The U.S. workforce is now composed of four generations: Baby Boomers, Gen X, Millennials, and Gen Z. Age ranges for these generations in 2019 were: boomers (55-73); Gen X (39-54); Millennials (23-38); and Gen Z (6-22).
Millennials are the largest segment of the U.S. workforce and will comprise 75 percent by the end this decade. The oldest of the Gen Z demographic are beginning to enter the workforce. Millennials and Gen Z are more socially conscious than older generations and are keen to seek change through activism. Research shows that 80 percent of millennials want to work for “engaged companies.”
Businesses are slowly moving in the direction of increased social responsibility. The traditional focus on increasing shareholder equity is expanding to address all of a company’s stakeholders’ demands by fostering diversity, inclusion, dignity and respect among the workforce; and environmental and climate change protection for communities and consumers. Early evidence suggests that this shift will move beyond lip service. “Green” investing on Wall Street is one driver.
OHS pros are mainly boomers. The mean age of an U.S. OHS pro is 55, with one-third of pros older than age 60. Boomer pros advanced through their career with devotion and memorization to OSHA 29 CFR sections and equivalent regs. To many OHS boomers, if a hazard is not specifically governed by OSHA, its workplace health and safety significance is diminished or ignored. This logic gets infused and is hard to remove due to OHS boomers’ influence on their younger counterparts. It hinders movement toward a holistic approach to workplace health and safety -- including new concepts such as social responsibility and climate protection.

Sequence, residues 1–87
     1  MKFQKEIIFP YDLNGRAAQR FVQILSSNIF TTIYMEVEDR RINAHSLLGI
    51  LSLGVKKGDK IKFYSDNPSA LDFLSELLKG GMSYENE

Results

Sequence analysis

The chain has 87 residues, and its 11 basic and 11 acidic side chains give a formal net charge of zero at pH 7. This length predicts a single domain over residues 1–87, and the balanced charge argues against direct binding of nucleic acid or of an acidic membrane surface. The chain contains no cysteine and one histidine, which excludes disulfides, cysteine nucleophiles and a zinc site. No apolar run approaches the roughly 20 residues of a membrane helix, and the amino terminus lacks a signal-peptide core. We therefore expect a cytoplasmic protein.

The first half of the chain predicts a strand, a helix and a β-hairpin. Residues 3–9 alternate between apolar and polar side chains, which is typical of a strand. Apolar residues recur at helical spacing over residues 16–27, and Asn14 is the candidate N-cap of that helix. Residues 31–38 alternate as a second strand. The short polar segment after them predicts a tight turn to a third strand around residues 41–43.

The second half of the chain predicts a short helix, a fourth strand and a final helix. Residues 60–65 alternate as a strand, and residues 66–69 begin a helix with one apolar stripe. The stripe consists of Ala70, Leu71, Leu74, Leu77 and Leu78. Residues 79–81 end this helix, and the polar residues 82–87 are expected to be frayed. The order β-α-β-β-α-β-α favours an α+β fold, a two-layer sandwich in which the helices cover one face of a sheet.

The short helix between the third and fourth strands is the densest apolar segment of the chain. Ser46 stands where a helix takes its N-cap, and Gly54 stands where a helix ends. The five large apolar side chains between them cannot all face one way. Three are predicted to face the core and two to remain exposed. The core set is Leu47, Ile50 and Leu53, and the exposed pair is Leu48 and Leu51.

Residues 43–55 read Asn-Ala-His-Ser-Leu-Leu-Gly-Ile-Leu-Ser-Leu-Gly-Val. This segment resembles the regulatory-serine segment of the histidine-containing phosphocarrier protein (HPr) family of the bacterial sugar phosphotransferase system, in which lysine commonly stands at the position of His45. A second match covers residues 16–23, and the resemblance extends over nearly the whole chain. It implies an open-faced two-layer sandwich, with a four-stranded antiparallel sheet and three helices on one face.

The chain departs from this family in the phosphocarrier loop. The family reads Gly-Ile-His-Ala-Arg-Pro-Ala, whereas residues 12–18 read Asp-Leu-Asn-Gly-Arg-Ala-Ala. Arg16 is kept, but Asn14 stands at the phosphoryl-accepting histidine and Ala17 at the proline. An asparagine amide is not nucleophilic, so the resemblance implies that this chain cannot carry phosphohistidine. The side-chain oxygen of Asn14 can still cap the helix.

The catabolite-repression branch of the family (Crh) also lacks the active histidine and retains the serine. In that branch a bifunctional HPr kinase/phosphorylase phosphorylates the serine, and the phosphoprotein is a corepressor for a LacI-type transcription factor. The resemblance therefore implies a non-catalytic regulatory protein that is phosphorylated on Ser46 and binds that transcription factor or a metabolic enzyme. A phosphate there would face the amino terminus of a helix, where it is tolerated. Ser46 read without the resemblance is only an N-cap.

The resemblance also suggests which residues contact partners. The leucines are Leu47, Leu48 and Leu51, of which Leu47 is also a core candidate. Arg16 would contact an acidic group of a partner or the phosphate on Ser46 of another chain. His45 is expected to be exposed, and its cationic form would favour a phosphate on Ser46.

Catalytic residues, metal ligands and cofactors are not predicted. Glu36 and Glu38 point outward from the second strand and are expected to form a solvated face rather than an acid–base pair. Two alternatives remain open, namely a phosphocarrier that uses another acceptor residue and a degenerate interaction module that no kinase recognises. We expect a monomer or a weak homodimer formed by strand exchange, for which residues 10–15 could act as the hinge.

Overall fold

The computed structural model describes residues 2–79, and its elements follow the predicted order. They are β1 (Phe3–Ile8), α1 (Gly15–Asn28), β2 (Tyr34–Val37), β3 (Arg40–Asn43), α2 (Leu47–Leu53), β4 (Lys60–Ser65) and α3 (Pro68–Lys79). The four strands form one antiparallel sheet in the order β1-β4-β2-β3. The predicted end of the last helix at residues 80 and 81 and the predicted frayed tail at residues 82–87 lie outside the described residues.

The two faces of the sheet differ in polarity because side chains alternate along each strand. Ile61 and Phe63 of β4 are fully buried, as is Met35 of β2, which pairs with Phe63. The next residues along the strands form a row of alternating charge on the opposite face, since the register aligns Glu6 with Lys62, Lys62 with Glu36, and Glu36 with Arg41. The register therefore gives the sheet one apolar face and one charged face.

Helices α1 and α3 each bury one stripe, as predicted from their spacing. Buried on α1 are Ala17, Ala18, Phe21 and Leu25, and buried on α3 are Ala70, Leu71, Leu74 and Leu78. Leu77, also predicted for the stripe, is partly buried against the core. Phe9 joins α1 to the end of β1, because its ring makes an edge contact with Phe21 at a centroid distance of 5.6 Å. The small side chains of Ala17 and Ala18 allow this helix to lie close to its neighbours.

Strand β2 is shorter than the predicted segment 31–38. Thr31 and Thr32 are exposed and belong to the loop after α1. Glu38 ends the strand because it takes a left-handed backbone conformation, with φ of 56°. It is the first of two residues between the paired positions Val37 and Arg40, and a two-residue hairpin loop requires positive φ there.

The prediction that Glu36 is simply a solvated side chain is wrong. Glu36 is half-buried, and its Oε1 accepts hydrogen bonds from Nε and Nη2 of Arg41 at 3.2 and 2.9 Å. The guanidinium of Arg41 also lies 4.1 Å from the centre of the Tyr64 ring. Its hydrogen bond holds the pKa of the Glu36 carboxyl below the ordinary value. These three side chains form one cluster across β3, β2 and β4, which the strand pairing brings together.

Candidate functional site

Greatest divide - family values
Family values is the greatest divide between boomer and younger OHS pros. Boomers’ biological clock to have children, except for the use of advanced technologies, has ended. Result? Until recently, the U.S. was the only country among 41 nations in the Organization for Economic Cooperation and Development (OECD) without federal paid leave for new parents. Workplace risk assessments for expecting parents, common among OECD countries, are practically non-existent in the US. Health impact? Among OECD countries, the U.S. ranks near the bottom in categories that include preterm births, low birthweight, birth defects, infant mortality, and maternal mortality.
It’s the Millennials’ turn to have children and they’re intolerant of the above BS. On January 1, 2020, Oregon became the 27th state/city within the past eight years to put into effect what is commonly called a pregnant worker fairness act (PWFA) law. President Trump did sign into law paid paternity leave for the federal workforce. By November 2020, more than two million federal workers will be eligible for paid leave for birth or adoption of a new child. Other businesses may need to match the feds’ paternity leave benefits to remain competitive for new hires.